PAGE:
Walmart could be the new maker of Twinkies and HoHos. According to Bloomberg, there are about two dozen companies bidding on Hostess' assets, including Walmart and Kroger Co.
Some of the bidders are reportedly interested all of Hostess' assets, while others are only interested in specific brands like Twinkies. Overall, the liquidation could bring in as much $1 billion for the company's creditors, according to one financial advisor's calculations.
Other first-round bidders include Grupo Bimbo SAB and Alpha Baking Co., according to the Journal. C. Dean Metropoulos & Co., the private-equity firm that owns Pabst Brewing Co., is also planning to submit a bid.
The current bankruptcy isn't Hostess' first. Back in 2009, Hostess emerged from bankruptcy as a private company after Ripplewood Holdings LLC bought a controlling interest in the company.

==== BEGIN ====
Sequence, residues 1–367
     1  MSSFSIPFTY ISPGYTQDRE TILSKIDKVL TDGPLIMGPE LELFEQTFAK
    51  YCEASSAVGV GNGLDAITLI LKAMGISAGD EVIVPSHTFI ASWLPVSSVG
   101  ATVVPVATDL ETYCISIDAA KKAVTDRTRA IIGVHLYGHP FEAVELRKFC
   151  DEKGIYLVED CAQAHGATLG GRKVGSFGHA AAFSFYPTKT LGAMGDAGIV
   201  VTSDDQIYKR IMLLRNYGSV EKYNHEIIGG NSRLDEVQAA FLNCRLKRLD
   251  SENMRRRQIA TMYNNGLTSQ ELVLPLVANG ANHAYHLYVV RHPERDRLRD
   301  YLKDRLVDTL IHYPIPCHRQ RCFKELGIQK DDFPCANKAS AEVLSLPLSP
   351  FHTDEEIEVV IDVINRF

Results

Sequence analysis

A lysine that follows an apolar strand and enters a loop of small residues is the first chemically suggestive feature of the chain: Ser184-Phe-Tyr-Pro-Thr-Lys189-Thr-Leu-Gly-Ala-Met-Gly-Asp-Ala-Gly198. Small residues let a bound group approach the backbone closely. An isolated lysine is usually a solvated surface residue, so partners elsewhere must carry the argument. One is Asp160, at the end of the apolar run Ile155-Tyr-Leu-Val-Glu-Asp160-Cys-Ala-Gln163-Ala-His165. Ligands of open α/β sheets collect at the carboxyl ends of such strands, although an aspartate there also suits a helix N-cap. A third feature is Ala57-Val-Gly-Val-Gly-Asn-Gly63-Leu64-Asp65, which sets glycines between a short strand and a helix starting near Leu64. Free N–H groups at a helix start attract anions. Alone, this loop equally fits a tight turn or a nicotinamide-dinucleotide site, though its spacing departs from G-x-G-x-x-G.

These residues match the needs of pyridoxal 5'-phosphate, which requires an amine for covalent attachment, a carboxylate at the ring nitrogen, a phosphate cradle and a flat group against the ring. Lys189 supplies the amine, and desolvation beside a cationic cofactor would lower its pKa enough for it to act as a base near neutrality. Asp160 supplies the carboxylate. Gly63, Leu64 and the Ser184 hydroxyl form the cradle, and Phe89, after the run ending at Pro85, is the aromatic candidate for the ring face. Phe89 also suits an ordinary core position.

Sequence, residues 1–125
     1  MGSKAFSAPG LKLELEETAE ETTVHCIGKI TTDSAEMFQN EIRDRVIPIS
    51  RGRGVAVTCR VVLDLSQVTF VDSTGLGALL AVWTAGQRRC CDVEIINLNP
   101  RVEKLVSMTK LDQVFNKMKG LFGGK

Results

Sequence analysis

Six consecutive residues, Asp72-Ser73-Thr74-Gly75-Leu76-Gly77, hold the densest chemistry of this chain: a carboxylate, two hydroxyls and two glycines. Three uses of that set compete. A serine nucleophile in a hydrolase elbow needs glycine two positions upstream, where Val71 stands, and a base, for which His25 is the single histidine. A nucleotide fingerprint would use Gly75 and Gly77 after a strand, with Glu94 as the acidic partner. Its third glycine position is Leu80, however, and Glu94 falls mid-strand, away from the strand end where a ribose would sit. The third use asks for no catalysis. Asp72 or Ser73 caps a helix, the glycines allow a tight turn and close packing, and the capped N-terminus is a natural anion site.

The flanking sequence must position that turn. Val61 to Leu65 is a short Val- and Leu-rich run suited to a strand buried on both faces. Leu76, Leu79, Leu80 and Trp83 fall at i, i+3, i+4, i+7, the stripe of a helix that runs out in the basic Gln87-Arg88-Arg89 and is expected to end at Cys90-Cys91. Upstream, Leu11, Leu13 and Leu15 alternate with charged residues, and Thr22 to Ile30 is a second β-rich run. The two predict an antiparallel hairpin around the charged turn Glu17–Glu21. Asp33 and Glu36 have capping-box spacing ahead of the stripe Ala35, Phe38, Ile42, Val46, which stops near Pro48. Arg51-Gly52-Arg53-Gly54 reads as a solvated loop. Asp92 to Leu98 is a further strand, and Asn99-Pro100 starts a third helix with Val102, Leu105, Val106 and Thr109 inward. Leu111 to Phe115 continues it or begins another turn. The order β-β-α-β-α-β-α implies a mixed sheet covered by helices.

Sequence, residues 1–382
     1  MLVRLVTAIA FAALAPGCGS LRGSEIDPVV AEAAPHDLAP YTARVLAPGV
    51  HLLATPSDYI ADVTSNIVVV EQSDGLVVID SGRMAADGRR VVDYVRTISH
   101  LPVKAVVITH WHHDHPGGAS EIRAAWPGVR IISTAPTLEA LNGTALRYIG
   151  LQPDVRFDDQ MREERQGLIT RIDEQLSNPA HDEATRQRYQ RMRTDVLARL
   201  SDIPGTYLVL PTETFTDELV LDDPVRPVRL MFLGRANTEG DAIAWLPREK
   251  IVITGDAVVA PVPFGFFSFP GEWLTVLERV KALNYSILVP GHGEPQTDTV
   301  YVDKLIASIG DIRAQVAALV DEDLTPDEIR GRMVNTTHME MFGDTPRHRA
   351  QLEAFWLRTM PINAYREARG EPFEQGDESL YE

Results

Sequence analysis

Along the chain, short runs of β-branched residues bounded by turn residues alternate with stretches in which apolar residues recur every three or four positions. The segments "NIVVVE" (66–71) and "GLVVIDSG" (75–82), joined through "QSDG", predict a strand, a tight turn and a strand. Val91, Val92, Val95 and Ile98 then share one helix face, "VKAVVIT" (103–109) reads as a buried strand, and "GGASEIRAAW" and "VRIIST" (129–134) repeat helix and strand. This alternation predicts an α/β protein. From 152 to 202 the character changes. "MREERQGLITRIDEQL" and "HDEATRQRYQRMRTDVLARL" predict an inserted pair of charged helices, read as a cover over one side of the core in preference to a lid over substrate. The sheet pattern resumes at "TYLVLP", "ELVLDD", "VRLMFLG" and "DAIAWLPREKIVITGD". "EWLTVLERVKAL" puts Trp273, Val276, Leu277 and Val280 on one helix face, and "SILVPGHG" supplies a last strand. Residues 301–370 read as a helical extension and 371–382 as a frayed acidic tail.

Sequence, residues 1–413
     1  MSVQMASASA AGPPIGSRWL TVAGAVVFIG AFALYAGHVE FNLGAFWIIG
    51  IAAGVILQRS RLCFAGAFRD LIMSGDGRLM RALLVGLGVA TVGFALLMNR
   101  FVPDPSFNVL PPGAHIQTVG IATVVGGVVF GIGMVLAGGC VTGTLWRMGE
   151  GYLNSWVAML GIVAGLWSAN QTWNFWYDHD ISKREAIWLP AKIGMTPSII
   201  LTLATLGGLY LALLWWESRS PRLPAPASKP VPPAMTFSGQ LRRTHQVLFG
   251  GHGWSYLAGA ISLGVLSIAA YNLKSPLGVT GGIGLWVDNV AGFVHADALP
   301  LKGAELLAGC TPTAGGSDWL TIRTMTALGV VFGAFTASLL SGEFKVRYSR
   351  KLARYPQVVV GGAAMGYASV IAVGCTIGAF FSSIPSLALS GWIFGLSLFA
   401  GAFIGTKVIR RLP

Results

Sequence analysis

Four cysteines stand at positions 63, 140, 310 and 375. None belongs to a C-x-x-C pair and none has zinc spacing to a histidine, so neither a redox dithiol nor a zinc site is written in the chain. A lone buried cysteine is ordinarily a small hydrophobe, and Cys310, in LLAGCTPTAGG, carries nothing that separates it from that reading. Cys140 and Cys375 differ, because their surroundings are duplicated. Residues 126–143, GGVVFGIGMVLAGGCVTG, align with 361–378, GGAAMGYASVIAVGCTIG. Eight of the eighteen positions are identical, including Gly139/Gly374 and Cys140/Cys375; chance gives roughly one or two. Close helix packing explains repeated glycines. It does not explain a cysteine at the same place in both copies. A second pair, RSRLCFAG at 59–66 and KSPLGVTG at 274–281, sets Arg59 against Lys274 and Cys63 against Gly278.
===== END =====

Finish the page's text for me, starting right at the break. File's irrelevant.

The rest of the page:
The most recent bankruptcy was filed in January. A shift toward healthier eating caused the company's profits to suffer. Hostess filed for Chapter 11, hoping to restructure and become profitable again. In order to cut costs, Hostess tried to renegotiate its labor contracts.
That led to a standoff between Hostess and its bakers' union. The Bakery Confectionary Tobacco Workers and Grain Millers International Union went on strike last month, after the bankruptcy court approved labor contracts the union opposed.
Hostess gave the union an ultimatum: Return to work, or the company would be forced to lay off its workforce and liquidate its assets. The union refused, and liquidation became the new plan.
More than 18,000 workers will be let go as a result of the liquidation, some immediately and others in the upcoming months.
- Wal-Mart, Kroger Reported Bidding on Hostess (ABC News)
- Corporate Bankruptcy (FindLaw)
- Benefits of Bankruptcy (FindLaw)
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